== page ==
Frist, we face the noise problem. Viscosity is defined through a correlator of the energy momentum tensor, which is a well defined observable on the lattice. The diagonal components of this energy momentum tensor was used earlier to calculate the equtaion of state. To calculate a correlator is far more difficult, however. The reason for this is that the correlation between two points in space-time is very small, and it is established though the exchange of gluon particles. Gluons are defined as random variables in lattice QCD, and their small correlation is completely dominated by stochastical noise.
The second problem is, that not only the viscous effects contribute to the small value of the correlator. Actually, most of the correlation is coming from high momentum gluons. If we substract these, we get an even smaller number, that has to be determined accurately.
For the first problem there is an algorithm for quark-less systems, the so called multi-level algorithm. Because of the way quarks are introduced into lattice QCD a generalization of this method to QGP is very difficult. We found a simpler method by removing the noisy, ultraviolet contribution coming from the gluons. We also calibrated this method in the quark-less case and found the ideal parameters where we only filter out the irrelevant, noisy part, whereas the physics remanis unchanged.
For the second problem we quantified how accurate the propagator needs to be in order the separation of the high momentum gluons becomes possible. This is in the promille region. We were able to get to this precision in our lattice simulations.
An important point in our study was continuum extrapolation. This means that the simulations are repeated on finder and even finer lattices, until the correlator can be extrapolated to zero lattice spacing. During this process precision is lost. Nevertheless, this is the first lattice study, where a continuum extrapolation of the energy momentum tensor correlator is actually performed.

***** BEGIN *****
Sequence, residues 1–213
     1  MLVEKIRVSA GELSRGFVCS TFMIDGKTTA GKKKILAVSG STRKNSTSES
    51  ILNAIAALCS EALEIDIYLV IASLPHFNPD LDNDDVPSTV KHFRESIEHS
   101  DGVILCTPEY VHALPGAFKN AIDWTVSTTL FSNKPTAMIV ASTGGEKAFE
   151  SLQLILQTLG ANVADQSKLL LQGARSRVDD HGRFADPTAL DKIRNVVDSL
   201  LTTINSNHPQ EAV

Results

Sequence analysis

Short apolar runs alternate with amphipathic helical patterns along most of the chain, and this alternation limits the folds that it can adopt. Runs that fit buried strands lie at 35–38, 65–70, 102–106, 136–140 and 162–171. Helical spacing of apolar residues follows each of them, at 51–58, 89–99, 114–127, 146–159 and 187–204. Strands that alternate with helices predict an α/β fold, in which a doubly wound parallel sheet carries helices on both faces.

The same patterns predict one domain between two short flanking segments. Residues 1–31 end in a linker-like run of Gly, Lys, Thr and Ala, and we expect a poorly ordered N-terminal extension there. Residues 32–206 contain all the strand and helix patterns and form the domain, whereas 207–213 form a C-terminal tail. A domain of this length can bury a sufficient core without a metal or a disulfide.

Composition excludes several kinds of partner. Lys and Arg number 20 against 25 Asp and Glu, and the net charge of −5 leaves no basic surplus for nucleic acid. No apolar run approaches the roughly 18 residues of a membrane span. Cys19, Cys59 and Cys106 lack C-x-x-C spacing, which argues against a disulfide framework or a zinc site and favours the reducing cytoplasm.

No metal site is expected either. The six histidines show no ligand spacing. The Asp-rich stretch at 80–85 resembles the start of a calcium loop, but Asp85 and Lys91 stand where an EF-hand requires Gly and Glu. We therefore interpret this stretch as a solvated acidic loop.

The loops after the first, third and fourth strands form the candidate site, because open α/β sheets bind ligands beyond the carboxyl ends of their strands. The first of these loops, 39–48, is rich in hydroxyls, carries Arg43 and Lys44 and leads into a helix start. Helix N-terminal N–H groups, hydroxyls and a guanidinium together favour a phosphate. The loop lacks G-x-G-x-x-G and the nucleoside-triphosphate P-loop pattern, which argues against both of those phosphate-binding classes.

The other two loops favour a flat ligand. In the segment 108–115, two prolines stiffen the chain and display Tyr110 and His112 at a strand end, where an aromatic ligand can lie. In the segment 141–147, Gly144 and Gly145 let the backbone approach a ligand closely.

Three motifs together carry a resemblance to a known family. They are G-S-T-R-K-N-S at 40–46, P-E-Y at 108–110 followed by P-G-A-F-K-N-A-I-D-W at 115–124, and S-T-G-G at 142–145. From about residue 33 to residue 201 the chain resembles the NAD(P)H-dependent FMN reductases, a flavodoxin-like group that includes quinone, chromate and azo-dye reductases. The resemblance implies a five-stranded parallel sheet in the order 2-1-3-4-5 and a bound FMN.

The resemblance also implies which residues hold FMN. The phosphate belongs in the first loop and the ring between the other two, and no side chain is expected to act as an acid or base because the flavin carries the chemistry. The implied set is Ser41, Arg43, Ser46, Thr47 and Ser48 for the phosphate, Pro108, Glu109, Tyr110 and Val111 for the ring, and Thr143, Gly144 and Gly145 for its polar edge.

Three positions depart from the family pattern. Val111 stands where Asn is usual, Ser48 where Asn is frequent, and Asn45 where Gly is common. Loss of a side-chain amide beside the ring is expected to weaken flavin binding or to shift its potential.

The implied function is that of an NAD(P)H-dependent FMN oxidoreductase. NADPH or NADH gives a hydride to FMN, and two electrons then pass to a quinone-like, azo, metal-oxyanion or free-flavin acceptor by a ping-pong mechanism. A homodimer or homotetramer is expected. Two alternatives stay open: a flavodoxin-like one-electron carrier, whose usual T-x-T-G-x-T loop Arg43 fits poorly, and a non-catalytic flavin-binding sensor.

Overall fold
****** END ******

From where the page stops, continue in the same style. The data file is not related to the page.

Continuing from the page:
We also studied several technicalities, for example, whether the temperature direction and the space direction should have the same discretization. This so called anisotropic discretization was very popular in earlier related works. We conclude that there is no benefit coming from such anisotropic treatment.
Our viscosity estimate is given in units of its entropy density, its value is between 0.15 and 0.20, which is compatible with the current estimates from the matching of the hydrodinamic evolution codes to experimental results.
How could future studies increase the precision of the viscosity estimate? In our procedure the errors were mostly coming from two sources. As already mentioned, precision is lost in the continuum extrapolation. This could be improved by a more sophisticated discretization scheme. The larger uncertainty, however, is coming from the estimate of the high momentum gluons. To calculate these the gluon interactions are either ignored, or approximated to the lowest order. Neither of these limiting factors can be easily improved just by increasing the simulation statistics beyond what we have achieved.
The next step to make the estimate will be to reduce the perturbative contribution or to calculate higher orders in perturbation theory. These tasks as well as to generalize the simulations for dynamical quantities are one of the greatest challenges for lattice QCD.
As illustration for the difficulty of the problem we show two equally well motivated theoretical correlators. In the representation of the top panel, viscosity is proportional to the value at ⍵/T=0. In a lattice simulation we observe only the Fourier transform. The ratio of the lattice correlators is shown in the bottom panel. Observe the narrow scale of the Y-axis. The viscious behaviour is encoded in the fourth digit of this quantity.
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Ann.Rev.Nucl.Part.Sci. 63 (2013) 123-151
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Phys.Lett. B730 (2014) 99-104
• Szabolcs Borsanyi (Wuppertal U.) et al. High statistics lattice study of stress tensor correlators in pure SU(3) gauge theory
Phys.Rev. D98 (2018) no.1, 014512
Theoretische Physik, Fachbereich C - Bergische Universität Wuppertal
Project ID: hwu30